The 11th installment of the Verizon Data Breach Investigations Report (DBIR) was recently released, with the goal of informing its readers of the cyber-threats they face today and how to best protect against them. Although 2018’s DBIR confirms 53,000 incidents and 2,216 breaches for the past year – a rather dismal report that paints a bleak picture of what we can expect for 2018 – the report offers an undertone that provides a more positive outlook for the future.
“We all crave safety, but it seems there’s no safety to be had in today’s world. The reality is that there has never been a world devoid of risk at any time, but at least in the past no one was bombarded by incessant negativity, with rumors of disaster, economic collapse, war and famine pouring in an unending stream into their lives from TVs, laptops, tablets and phones. Modernity affords us little refuge from the onslaught of depressing and distressing media headlines. What then should we do? Unplug everything?”
The authors of the DBIR think not, suggesting that accepting that while there is little guarantee of total safety, there does exist the ability to proactively act to protect what you value.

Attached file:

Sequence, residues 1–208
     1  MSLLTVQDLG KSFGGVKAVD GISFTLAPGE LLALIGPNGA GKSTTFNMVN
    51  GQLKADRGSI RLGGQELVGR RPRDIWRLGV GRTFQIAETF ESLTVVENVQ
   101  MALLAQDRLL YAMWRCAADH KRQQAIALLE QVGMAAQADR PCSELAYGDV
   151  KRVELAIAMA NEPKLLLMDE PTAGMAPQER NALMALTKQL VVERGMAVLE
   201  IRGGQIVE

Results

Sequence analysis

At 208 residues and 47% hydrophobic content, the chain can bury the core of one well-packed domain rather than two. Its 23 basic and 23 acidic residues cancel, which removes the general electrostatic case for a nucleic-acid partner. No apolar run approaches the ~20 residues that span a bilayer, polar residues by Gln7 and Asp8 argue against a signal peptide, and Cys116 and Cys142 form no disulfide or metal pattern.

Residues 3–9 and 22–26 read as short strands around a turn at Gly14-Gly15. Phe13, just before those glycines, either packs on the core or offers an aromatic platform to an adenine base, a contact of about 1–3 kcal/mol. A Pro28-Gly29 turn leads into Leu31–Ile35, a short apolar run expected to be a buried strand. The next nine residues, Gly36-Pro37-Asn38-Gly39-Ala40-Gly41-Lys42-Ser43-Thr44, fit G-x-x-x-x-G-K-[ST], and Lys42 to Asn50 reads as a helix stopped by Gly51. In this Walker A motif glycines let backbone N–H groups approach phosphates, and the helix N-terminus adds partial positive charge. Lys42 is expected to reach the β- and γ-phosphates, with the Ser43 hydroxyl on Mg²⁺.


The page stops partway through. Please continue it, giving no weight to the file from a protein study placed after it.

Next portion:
Rather than simply seeing the DBIR as a litany of nefarious events that have been successfully perpetrated against others and therefore, may happen to you, think of it more as a recipe for success. If you want your security program to prosper and mature, defend against the threats exposed in the pages (of this report).
The Big Picture
This year’s DBIR follows its usual format, showing high-level trends and findings from 2017 data, with a focus on the standard suspects – malware, ransomware, and the social engineering aspect of cybercrime. From there, the report reviews the nine incident classification patterns, with a deep dive into the industries most effected by incidents and data breaches.
Much like the results in 2016, this year’s report shows that hackers have been very successful in their efforts to steal data, with 73% of the breaches caused by outsiders and 50% of breaches carried out by organized criminal groups. The old saying “if it isn’t broken, don’t fix it” holds true for breach tactics as well, as hacking again proves to be the most successful type of breach (48% of breaches featured hacking), while 30% of the breaches included malware.
What’s worse is that these breaches are taking a long time to be detected – 68% of the breaches took months to discover – causing more damage to those hit and making the breach more lucrative for the hackers, which is why 75% of the breaches are financially motivated.